In the intervening years, increasing numbers and types of basic wireline sensors combined with increasingly complex response processing algorithms have been used to obtain new and improved determinations of geophysical parameters of formations penetrated by a borehole and the properties of the borehole. Most sensors used in current wireline technology are very data intensive. When such measurements are made simultaneously with a single pass of a multiple sensor wireline device, massive amounts of raw data are generated per depth interval of borehole traversed. These data are transmitted to the surface of the earth over the logging cable for depth correlation and other subsequent processing to obtain the combination logs of multiple parameters of interest. Current conventional wireline telemetry systems using seven conductor electrical logging cable can telemeter data to the surface at a rate of 500 kilobits to 1000 kilobits per second. Using emerging fiber optic logging cable and telemetry technology, these transmission rates are expected to increase by orders of magnitude. Because of the large telemetry bandwidths available in current and emerging wireline systems, data intensive multiple sensors can be employed and the raw data can be transmitted to the surface for processing. There are situations, however, in which wireline logging systems employ a single conductor cable, either for economic or operational reasons. These cables are often relatively small in diameter and are often required in the logging of wells under high pressure. A single conductor cable limits telemetry band width. Using this type of cable, raw sensor data generated by modern combination logging tools can exceed the telemetry capacity of the system.
The previous background discussion has been directed to wireline type measurements wherein the measurements are usually made after the borehole has been drilled. In some drilling operations, wireline logs are made intermittently during the drilling operation, but such logging requires that the drill string be removed from the borehole prior to logging. Logging after completion of the drilling operation often reveals that the target formation or formations have been missed by either drilling too shallow or too deep. In addition, unexpected zones, such as high pressure formations or salt zones, can be encountered during, and adversely affect, the drilling operation. Such encounters can be quite costly and can be fully analyzed with wireline logging only after the encounter. Intermittent logging is likewise costly in that the drilling operation must cease during logging operations. Possible damage to the borehole can occur during intermittent logging and costly drilling rig time and logging equipment time is wasted during stand-by periods for each operation.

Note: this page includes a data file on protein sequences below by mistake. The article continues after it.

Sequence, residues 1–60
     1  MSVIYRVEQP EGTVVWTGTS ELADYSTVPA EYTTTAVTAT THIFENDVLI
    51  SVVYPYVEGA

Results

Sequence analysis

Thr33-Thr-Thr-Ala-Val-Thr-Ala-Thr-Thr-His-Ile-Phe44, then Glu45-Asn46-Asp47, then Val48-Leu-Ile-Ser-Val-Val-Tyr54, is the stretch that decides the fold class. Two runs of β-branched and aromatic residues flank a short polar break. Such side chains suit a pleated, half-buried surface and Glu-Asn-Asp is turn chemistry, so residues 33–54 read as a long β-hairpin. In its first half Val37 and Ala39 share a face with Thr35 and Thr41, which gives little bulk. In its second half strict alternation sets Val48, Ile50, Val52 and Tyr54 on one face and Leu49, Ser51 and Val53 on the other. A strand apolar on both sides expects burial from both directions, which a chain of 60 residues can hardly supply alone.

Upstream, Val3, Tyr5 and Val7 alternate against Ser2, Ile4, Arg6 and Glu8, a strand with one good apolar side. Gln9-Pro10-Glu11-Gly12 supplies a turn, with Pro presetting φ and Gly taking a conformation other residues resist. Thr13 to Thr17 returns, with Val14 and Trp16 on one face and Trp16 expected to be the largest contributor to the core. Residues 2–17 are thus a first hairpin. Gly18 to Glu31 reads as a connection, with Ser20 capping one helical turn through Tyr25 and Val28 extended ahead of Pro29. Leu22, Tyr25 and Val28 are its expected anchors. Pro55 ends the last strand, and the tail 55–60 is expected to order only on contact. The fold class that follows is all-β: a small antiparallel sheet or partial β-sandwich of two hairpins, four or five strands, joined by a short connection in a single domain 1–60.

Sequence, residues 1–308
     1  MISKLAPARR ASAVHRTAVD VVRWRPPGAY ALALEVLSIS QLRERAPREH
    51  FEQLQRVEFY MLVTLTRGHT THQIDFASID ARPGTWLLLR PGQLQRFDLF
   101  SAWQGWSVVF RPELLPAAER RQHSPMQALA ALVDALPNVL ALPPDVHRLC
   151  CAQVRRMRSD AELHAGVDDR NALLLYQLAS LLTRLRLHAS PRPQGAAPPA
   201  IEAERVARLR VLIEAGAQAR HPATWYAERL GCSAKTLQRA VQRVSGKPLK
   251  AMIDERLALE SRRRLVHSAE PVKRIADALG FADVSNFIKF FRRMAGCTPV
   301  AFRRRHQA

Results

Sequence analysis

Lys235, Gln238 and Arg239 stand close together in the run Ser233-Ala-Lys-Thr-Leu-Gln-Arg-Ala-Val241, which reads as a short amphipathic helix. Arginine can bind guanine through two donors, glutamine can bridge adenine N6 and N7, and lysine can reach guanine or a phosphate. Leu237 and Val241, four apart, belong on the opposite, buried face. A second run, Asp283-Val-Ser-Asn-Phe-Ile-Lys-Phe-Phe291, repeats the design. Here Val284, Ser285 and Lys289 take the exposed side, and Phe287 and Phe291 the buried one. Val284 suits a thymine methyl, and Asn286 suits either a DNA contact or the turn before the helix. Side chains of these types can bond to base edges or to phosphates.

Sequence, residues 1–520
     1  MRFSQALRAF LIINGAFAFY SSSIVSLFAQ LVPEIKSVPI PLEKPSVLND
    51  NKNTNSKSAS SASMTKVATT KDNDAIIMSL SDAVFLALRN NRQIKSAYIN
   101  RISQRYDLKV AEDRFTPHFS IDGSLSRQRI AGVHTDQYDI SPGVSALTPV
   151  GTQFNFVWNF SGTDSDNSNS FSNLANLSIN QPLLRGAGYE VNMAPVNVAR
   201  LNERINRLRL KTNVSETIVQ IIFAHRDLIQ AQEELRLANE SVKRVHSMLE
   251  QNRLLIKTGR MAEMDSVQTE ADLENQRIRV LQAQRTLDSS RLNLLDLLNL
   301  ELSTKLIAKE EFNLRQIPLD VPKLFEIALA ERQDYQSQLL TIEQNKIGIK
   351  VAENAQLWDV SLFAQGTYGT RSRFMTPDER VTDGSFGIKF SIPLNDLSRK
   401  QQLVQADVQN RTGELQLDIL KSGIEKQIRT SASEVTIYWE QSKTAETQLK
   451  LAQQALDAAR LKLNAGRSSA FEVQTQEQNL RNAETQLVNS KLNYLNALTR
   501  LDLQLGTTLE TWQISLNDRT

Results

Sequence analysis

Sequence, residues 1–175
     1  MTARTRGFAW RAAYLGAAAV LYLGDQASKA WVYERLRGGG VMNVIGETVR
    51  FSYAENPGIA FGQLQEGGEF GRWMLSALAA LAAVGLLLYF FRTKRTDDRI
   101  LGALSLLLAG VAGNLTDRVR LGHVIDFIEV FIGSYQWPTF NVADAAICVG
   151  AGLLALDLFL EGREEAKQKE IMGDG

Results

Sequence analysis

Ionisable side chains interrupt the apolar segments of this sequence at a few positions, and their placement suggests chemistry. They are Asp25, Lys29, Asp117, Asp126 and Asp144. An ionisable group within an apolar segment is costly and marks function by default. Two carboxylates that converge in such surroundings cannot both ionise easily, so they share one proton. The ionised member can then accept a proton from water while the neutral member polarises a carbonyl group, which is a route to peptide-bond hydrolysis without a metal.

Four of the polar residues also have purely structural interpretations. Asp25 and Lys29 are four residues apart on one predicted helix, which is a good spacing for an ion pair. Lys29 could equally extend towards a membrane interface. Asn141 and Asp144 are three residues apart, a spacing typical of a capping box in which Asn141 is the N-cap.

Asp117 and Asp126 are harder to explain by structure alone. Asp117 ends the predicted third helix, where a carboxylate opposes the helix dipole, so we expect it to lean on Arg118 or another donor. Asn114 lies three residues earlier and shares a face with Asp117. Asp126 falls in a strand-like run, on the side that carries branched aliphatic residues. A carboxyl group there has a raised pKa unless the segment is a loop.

The economic, technical, operational and safety advantages of measuring geophysical parameters as well as drilling management parameters, during the actual drilling of the borehole, was recognized in the early 1950's. Commercial measurements-while-drilling (MWD) became available in the late 1970's and early 1980's. These measurements included directional information and a limited number of formation evaluation type services. Additional sensors and services have been added as MWD technology matures. U.S. Pat. No. 5,250,806 to Erik Rhein-Knudsen et al discloses a MWD apparatus for measuring formation characteristics and is more specifically directed to the simultaneous measurement of neutron porosity and formation density with suitable borehole corrections for each measurement. Methods for downhole depth correlation and resolution matching are not addressed. In many respects, the sophistication of MWD sensors are comparable to their wireline counterparts in spite of the harsh environment experienced in using such sensors in the drilling environment. It is feasible, at least in principle, to utilize multiple sensor, data intensive, combination logging methods developed for wireline tools to obtain new and improved parametric measurements while drilling. Furthermore, it is feasible, in principle, to utilize additional sensors responding to drilling related parameters simultaneously with formation evaluation type sensors. In practice, however, the combination of multiple sensor response techniques, comparable in sophistication to corresponding wireline applications, is limited by current MWD telemetry rates and downhole storage capacities. The simultaneous transmission of drilling dynamics sensor information such as directional information, weight on the drill bit, and other non-formation evaluation type measurements further overloads current MWD telemetry transmission rates which are of the order of 2 to 60 bits per second. Furthermore, it is not feasible to store copious amounts of raw sensor data downhole for subsequent retrieval and processing due to relatively limited storage capacity of current MWD systems. MWD means for making formation evaluation combination logs comparable to current wireline logs require the computation of the desired parameters downhole, and the transfer of the computed parameters of interest to the surface. By using downhole computational means and methods, the transmission requirements are reduced by orders of magnitude in that only "answers" are telemetered, or alternately stored, rather than raw data. This type of downhole computation is also applicable to other types of non formation evaluation type measurements such as signals indicative of the operational characteristics of the downhole equipment as well as measurements indicative of drilling direction and efficiency. Furthermore, downhole processing is applicable to wireline systems with limited telemetry capacity.